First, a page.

But, the key reason Drive to Survive works so well and continues to be successful (the fifth season drops Feb 24th) is that it makes the drivers and people on the teams real. For an international sport that was already one of the most popular forms of racing on the planet, the criticism was always the guarded, almost robotic, nature of the drivers and team principles. Pre and post-race interviews were often so canned and politically correct they made Bill Belichick’s press conferences seem lively by comparison. It’s not like the series lacked personalities; they were there, just hidden from the public.
Drive to Survive allowed and encouraged drivers and team chiefs to be real people, to show their frustration at their circumstances and competitors, and to be emotional like real, you know, people. Viewers (people) engage with and identify with people when they see their background, their struggles, and their genuine feelings during wins and losses, especially if those people are animated and speak from the heart before considering what the sponsors might say. Cue one of the breakout stars of the show, team principal of the Hass F1 Team, Guenther Steiner.
There is no version of reality before the Netflix show where fans would show up to an F1 race chanting the name of a team boss as if they were the superstar driver and then react like they just saw the Beatles when they wave to the crowd. Yet that is precisely what now happens at races because people saw Steiner respond to the intense pressure and stress of this incredibly high-stakes sport like they probably would, cursing and yelling and calling people out when they do something monumentally stupid.
It makes for delightful television because we can all relate. The series is full of colorful personalities viewers identify with and want to see win, or maybe lose so they can see what their reaction will be. Either way, they are not only watching the Netflix show; they are watching the races.
Formula 1’s popularity is on the rise worldwide. While it is easy to credit the Netflix show for this surge in popularity, the key credit goes to Liberty Media Inc, who purchased the series from CVC Capital and long-time impresario Bernie Ecclestone in 2017. A key metric is that much of the increased fandom comes from two key markets that have not traditionally been strong for F1, the United States and young people.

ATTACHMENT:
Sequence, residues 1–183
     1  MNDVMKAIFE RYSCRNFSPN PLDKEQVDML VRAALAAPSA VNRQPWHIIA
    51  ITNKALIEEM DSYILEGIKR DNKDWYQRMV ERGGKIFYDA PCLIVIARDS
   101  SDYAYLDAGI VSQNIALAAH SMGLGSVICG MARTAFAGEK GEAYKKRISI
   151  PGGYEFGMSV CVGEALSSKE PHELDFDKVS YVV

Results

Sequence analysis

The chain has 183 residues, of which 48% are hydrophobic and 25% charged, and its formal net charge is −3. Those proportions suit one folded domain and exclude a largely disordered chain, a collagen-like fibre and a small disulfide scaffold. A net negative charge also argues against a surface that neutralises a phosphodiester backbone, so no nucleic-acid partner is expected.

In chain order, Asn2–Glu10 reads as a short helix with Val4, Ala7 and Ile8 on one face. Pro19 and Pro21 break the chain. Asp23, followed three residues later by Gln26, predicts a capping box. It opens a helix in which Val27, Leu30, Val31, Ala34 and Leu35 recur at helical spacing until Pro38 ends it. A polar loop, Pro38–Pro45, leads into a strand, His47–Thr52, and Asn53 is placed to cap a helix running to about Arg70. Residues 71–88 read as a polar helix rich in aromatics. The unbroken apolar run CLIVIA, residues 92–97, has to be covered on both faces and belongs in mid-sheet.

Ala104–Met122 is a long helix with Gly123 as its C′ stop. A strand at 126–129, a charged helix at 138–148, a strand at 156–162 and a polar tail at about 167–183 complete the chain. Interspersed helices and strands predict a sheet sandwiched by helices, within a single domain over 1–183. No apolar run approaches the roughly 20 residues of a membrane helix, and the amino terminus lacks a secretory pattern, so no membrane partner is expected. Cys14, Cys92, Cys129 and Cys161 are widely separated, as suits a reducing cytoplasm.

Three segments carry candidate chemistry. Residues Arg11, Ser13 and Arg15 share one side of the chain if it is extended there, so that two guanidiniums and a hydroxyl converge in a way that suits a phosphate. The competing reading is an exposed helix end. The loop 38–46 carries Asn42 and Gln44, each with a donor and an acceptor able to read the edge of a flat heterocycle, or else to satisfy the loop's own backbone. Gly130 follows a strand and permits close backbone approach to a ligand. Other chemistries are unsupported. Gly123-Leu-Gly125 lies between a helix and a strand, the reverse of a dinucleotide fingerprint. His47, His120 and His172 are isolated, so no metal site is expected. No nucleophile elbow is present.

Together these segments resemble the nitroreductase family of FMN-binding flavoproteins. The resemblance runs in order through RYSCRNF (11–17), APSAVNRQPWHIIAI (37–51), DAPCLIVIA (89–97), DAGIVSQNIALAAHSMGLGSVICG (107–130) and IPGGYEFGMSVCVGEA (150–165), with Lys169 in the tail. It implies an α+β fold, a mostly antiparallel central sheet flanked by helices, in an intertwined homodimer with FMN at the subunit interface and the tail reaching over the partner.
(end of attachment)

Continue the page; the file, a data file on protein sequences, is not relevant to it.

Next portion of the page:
In a distinct departure from Ecclestone’s public eschewing of pursuing a younger fanbase, Liberty Media Inc. expertly laid the plans that led to two consecutive record-breaking years for TV viewers and race attendees. Over 440,000 people attended the US Grand Prix in Austin, TX, in 2022, and a combined 2.6 million tuned in or attended the inaugural F1 race in Miami, FL. Of those, 735,000 people were in the critical 18-49-year-old market segment.
ESPN’s Formula 1 race viewership per race was 547,422 in 2018; in 2022, that number was 1.4 million. ESPN previously paid roughly $5 million for broadcast rights; at the end of the 2022 race season, ESPN inked a new three-year deal to televise Formula 1 for somewhere between $75-90 million.
There will be three Grand Prix races in the US in 2023 with the now veteran Circuit of the Americas, a return to Miami, and the newest venue, a street race in Las Vegas that promises to be a staggering display. You can also expect to see more than a few Formula 1-inspired movies and TV shows in the coming years, with the Apple project starring Brad Pitt leading the way.
My trip to cover the 2023 Rolex 24 at Daytona showed the surge in popularity is not limited to Formula 1. IMSA saw a record-breaking number of fans and competitors for this historic 24-hour race. The field had to be limited to 61 cars because there was no more room on the pit road to accommodate more teams safely. Only three years ago, the field was a little more than half that size, and no one was talking about the series needing to turn away teams wanting to compete.
The blueprint other racing series should look at is not just Drive to Survive but that of Liberty Media Inc. They made conscious decisions to promote their personalities, the young drivers and not just the proven champs, and to engage with markets that hadn’t previously paid attention. And I am very grateful for it because the rising tide of F1 is lifting all boats, and racing is enjoying increased popularity across the board.
The new season of Drive to Survive will be entertaining, and I can’t wait to watch it, but I am even more excited for the actual racing to begin. While rule changes are helping Formula 1 improve the on-track product, it still has a ways to go. But at least we now know the personalities behind the helmets and headsets are entertaining enough to keep us returning for more.